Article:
Skip to main content

Table 4 Association between sugar sweetened beverages annual price promotion and per capita purchase a

From: Are price discounts on sugar-sweetened beverages (SSB) linked to household SSB purchases? – a cross-sectional study in a large US household and retail scanner database

  Association between annual promotion frequency × 10 and annual per capita purchase d Association between annual promotion magnitude × 100 and annual per capita purchase e
Section A. Overall association between price promotion and per capita purchase
  Exp Estimate (95% CI) P-value Exp Estimate (95% CI) P-value
Overall 1.137 (1.123–1.151) <0.0001 1.153 (1.137–1.169) <0.0001
Section B. Association between price promotion and per capita purchase stratified by income per capita, female head education and race
  Exp Estimate (95% CI) Interaction P-value Exp Estimate (95% CI) Interaction P-value
Income per capita b
  ≤ $15,000 1.127 (1.096–1.160) 0.7777 1.138 (1.102–1.175) 0.7517
 $15,001 - $30,000 1.144 (1.122–1.167) 1.156 (1.131–1.182)
 $30,001 - $50,000 1.141 (1.115–1.168) 1.162 (1.132–1.193)
  ≥ $50,000 1.129 (1.100–1.159) 1.147 (1.112–1.182)
Female head education b,c
 High School or Less 1.148 (1.119–1.179) 0.4783 1.168 (1.135–1.201) 0.2954
 Some College 1.139 (1.113–1.166) 1.147 (1.117–1.178)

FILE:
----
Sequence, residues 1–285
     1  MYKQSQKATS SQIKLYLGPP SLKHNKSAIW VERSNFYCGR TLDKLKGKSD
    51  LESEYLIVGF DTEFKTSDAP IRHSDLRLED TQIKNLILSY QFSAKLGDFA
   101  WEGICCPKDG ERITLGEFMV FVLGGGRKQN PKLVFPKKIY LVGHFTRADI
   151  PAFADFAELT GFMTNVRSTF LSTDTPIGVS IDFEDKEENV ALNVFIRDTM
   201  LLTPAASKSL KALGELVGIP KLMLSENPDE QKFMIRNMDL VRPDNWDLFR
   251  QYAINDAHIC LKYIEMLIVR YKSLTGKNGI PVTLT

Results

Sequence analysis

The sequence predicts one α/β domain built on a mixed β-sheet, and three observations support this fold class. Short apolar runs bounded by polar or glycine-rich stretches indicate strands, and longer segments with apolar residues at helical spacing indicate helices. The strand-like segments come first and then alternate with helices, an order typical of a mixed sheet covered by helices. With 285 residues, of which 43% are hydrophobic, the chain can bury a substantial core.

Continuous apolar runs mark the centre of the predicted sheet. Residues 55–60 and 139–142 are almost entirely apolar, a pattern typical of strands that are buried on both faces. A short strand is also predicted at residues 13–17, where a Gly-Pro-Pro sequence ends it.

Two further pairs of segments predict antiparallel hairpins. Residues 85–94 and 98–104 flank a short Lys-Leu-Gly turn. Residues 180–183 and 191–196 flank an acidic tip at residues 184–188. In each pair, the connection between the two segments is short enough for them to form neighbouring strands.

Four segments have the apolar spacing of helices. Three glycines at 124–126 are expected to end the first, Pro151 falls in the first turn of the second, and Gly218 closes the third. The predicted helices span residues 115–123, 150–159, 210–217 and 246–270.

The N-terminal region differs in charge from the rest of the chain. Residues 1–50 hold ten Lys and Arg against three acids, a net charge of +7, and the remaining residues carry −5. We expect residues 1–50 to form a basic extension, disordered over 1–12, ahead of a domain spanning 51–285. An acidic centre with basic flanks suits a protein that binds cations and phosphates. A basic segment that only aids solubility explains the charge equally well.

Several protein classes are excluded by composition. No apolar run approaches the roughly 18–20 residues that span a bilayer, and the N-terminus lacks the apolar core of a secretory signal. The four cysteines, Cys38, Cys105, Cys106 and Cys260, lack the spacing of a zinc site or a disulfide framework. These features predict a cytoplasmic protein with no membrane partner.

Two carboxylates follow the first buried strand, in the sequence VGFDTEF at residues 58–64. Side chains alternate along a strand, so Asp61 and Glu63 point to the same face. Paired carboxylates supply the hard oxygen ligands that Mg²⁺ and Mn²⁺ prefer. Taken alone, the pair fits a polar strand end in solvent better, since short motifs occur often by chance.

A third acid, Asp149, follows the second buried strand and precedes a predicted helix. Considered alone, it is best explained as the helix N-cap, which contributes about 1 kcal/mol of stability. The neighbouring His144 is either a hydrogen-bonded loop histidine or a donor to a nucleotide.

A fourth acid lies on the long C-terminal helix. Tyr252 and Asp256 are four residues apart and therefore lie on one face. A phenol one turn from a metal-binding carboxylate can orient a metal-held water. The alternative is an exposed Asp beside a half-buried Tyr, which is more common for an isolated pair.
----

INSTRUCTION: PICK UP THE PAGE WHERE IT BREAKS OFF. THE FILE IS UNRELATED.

College Grad 1.127 (1.106–1.147) 1.141 (1.118–1.165)
 No Female Head 1.157 (1.116–1.199) 1.186 (1.137–1.237)
Race b
 White 1.138 (1.122–1.153) 0.9963 1.148 (1.131–1.165) 0.2625
 Black 1.138 (1.093–1.185) 1.191 (1.129–1.257)
 Other 1.135 (1.089–1.184) 1.184 (1.121–1.250)
  1. aOrdinary least squares linear regression was used. The outcome, annual per capita purchase, was log transformed. Models adjusted for household size, household income per capita, male head age, female head age, male head education, female head education, presence of children, race, male head occupation, female head occupation, region, and urban/rural setting.
  2. bEstimates were obtained using the main effect (e.g., promotion magnitude) and interaction terms.
  3. cEducation was specific to female-head and male-head. Female head education was selected as a socioeconomic status indicator because women are typically the primary grocery shoppers and food preparers. (Citation: Crane et al. Nutr Educ Behav. 2019;51 (2):199–204.)
  4. dAnnual promotion frequency was calculated as: \( \frac{Weeks\ experiencing\ge 5\% magnitude\ of\ price\ promotion\ for\ the\ household}{Number\ of\ weeks\ in\ 2016} \). An exponentiated coefficient of 1.137 can be interpreted as 10 percentage points increase in annual promotion frequency is associated with 13.7% higher annual per capita purchase.
  5. eAnnual promotion magnitude was calculated as: \( \frac{\sum_{i=1}^{number\ of\ weeks\ in\ 2016} Promotion\ magnitude\ for\ the\ household\ in\ week\ i}{Number\ of\ weeks\ in\ 2016} \). An exponentiated coefficient of 1.153 can be interpreted as a 1 percentage point increase in annual promotion magnitude is associated with 15.3% higher annual per capita purchase.